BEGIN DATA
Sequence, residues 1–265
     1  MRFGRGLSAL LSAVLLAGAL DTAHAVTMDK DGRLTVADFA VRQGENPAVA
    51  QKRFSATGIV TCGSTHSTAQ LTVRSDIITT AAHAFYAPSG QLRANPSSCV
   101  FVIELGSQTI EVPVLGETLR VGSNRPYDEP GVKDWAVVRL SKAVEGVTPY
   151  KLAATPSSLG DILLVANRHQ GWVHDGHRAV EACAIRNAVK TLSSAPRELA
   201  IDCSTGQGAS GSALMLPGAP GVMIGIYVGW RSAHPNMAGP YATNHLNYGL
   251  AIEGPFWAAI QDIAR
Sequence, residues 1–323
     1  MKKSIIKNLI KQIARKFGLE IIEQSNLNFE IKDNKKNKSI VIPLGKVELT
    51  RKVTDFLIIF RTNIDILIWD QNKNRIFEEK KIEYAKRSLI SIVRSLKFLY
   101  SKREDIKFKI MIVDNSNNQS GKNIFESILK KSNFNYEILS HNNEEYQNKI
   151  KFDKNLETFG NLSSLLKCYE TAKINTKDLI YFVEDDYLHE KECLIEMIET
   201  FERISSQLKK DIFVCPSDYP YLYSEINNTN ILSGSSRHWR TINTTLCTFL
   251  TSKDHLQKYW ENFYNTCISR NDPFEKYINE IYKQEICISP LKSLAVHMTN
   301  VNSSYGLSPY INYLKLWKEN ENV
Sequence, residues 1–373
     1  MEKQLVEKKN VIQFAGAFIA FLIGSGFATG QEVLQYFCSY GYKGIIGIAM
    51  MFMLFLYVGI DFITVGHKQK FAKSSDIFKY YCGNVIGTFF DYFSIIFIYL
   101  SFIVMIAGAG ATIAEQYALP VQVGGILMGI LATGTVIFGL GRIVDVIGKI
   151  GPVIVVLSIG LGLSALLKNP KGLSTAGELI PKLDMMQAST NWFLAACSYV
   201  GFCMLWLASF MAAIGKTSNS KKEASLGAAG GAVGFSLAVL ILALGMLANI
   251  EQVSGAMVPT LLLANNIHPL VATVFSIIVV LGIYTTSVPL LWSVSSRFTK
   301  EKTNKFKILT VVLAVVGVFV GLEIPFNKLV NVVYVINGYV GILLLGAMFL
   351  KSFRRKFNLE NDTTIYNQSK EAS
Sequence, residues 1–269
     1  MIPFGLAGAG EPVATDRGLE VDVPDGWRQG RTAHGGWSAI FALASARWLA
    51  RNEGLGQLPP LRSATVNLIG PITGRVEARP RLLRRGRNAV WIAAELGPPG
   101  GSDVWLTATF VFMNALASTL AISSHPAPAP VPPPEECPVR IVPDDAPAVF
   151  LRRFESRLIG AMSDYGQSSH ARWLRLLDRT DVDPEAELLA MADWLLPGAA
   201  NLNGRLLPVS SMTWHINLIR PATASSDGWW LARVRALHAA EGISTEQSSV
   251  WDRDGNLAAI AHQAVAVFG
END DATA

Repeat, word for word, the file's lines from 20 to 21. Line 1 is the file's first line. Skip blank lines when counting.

   151  GPVIVVLSIG LGLSALLKNP KGLSTAGELI PKLDMMQAST NWFLAACSYV
   201  GFCMLWLASF MAAIGKTSNS KKEASLGAAG GAVGFSLAVL ILALGMLANI